+0
Hi

If Tom didn't come with us to the beach, everyone would be very disappointed.

--- does the first part of the sentence refers to the future and the second one to the present? I'm not sure I understand it.
1 2
Comments  
It's called the Second Conditional. It refers to the present or to the future and expresses unreal situation.

If Tom didn't come with us to the beach, everyone would be very disappointed. It means that: He doesn't come to the beach.
Hi

Look at the very last example on this page:

http://www.englishpage.com/conditional/mixedconditional.html

According to this: If Seb DIDN'T COME with us....... refers to the future and it is a bit strange to me, though maybe it shouldn't.
Students: Are you brave enough to let our tutors analyse your pronunciation?
It's just a normal "Second Conditional".
If he came with us (tomorrow), we would be happy.
If he didn't come with us (tomorrow), we would be disappointed.
We would be delighted if you came with us on our trip next month.
The children's hearts would break if the teacher cancelled the outing to the zoo next week.
The children would be very sad if the teacher didn't fulfill her promise of a special treat tomorrow.
CJ
CalifJim It's just a normal "Second Conditional".

If he came with us (tomorrow), we would be happy.

If he didn't come with us (tomorrow), we would be disappointed.

We would be delighted if you came with us on our trip next month.

The children's hearts would break if the teacher cancelled the outing to the zoo next week.

The children would be very sad if the teacher didn't fulfill her promise of a special treat tomorrow.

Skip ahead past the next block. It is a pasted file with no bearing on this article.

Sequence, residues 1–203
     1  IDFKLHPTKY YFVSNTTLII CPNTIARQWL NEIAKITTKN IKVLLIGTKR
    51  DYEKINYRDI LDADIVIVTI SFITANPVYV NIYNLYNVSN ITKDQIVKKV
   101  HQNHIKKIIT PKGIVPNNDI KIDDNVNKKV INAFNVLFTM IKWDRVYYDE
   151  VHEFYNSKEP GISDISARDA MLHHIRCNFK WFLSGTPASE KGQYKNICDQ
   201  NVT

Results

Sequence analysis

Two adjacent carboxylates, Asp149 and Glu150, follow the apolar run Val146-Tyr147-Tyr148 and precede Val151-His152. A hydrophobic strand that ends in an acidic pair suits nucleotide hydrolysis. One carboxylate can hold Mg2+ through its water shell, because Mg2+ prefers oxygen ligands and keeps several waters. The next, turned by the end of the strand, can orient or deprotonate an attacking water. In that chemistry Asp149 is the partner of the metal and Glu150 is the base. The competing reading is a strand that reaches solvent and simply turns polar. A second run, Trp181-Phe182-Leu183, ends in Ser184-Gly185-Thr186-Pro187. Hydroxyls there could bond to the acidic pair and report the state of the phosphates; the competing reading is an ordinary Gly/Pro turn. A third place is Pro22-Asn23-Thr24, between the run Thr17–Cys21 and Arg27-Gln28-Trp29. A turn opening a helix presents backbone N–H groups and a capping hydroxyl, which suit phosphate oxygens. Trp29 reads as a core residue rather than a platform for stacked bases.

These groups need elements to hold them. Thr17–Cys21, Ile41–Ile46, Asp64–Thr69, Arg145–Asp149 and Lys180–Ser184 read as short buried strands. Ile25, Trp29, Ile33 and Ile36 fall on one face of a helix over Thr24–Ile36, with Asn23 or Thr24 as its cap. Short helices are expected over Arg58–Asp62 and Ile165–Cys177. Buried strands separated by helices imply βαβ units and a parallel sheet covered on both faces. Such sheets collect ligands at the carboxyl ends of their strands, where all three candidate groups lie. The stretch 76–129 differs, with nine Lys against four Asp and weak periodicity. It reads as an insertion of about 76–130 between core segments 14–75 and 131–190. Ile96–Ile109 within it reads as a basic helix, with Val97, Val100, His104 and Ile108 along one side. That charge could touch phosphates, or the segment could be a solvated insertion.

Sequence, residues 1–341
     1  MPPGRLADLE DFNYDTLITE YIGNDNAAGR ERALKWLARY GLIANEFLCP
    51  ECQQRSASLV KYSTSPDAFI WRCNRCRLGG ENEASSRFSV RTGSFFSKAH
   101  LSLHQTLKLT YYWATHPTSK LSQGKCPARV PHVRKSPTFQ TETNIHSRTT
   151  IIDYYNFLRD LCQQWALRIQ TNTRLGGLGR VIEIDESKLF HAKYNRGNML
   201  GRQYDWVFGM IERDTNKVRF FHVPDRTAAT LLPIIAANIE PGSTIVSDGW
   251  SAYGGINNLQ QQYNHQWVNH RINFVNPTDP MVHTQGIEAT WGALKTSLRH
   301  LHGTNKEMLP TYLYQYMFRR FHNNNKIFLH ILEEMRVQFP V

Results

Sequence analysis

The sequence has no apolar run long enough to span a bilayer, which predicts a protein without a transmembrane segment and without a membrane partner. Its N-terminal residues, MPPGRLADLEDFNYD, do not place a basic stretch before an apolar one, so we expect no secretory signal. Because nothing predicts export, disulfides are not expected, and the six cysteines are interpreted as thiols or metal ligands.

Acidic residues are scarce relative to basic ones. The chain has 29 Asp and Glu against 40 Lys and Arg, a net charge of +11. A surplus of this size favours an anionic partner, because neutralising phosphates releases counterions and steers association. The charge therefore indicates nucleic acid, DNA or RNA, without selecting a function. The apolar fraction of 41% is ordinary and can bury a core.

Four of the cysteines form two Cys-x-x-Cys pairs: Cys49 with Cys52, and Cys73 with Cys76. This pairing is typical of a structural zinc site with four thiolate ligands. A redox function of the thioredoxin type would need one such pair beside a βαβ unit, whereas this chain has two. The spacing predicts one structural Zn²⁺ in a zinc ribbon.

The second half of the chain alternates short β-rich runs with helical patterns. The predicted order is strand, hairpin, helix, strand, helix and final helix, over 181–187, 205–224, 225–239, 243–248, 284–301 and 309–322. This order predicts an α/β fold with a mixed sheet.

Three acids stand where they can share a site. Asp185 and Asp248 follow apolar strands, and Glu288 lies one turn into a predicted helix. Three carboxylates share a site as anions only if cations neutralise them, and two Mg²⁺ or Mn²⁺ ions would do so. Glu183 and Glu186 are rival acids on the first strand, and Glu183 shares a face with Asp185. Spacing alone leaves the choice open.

CJ

Isn't it better to use the first conditional?

We will be happy if he comes with us

We will be disappointed if he doesn't come with us

We will be delighted if you come with us on..............

The children's hearts will break if the teacher cancells..........

Thanks

In second conditionals the past simple is hypothetical, not really time-bound...in some usage grammar books it's called 'unreal past'

Hypothesis or conditionality is not considered time-bound, at least regarding this case. Only first conditionals take the if-clause in present and the second clause in future. The rest of conditional sentences and tenses are bound by aspect (perfection) and unreal reference.

So first part refers to hypothesis, no time...the second tense is subordinated to the first one, it entails future only to the first tense.

The whole patttern looks at the future, as a sequence.

Cheers Emotion: smile
Site Hint: Check out our list of pronunciation videos.
NewguestIsn't it better to use the first conditional?
Not necessarily, but the first conditional is also a possibility. The second conditional simply indicates that we're thinking about the situation in a hypothetical way -- musing about a possibility in a sort of theoretical way -- a sort of "What if?" way.

CJ
CalifJim
NewguestIsn't it better to use the first conditional?
Not necessarily, but the first conditional is also a possibility. The second conditional simply indicates that we're thinking about the situation in a hypothetical way -- musing about a possibility in a sort of theoretical way -- a sort of "What if?" way.

CJ

I see. So both conditionals would be OK, the only difference is that first conditional indicates that something will most probably happen and the second that it is just a hypothesis, speculation?

NewguestSo both conditionals would be OK, the only difference is that first conditional indicates that something will most probably happen and the second that it is just a hypothesis, speculation?
Yes. That's the basic idea. Emotion: smile

CJ
Students: We have free audio pronunciation exercises.
Show more